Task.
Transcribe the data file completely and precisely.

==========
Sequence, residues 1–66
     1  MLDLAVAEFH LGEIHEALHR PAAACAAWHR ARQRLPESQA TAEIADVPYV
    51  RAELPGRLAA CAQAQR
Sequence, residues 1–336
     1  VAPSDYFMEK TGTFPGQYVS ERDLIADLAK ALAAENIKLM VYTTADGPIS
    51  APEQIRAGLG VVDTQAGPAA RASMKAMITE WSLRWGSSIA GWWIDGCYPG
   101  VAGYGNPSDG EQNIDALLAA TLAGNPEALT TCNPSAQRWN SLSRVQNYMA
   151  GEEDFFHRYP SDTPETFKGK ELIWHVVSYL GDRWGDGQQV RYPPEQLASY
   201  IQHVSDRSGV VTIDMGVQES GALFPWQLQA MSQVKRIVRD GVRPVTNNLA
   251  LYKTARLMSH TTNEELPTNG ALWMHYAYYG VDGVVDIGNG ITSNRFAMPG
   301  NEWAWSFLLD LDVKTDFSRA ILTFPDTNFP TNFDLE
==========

Sequence, residues 1–66
     1  MLDLAVAEFH LGEIHEALHR PAAACAAWHR ARQRLPESQA TAEIADVPYV
    51  RAELPGRLAA CAQAQR
Sequence, residues 1–336
     1  VAPSDYFMEK TGTFPGQYVS ERDLIADLAK ALAAENIKLM VYTTADGPIS
    51  APEQIRAGLG VVDTQAGPAA RASMKAMITE WSLRWGSSIA GWWIDGCYPG
   101  VAGYGNPSDG EQNIDALLAA TLAGNPEALT TCNPSAQRWN SLSRVQNYMA
   151  GEEDFFHRYP SDTPETFKGK ELIWHVVSYL GDRWGDGQQV RYPPEQLASY
   201  IQHVSDRSGV VTIDMGVQES GALFPWQLQA MSQVKRIVRD GVRPVTNNLA
   251  LYKTARLMSH TTNEELPTNG ALWMHYAYYG VDGVVDIGNG ITSNRFAMPG
   301  NEWAWSFLLD LDVKTDFSRA ILTFPDTNFP TNFDLE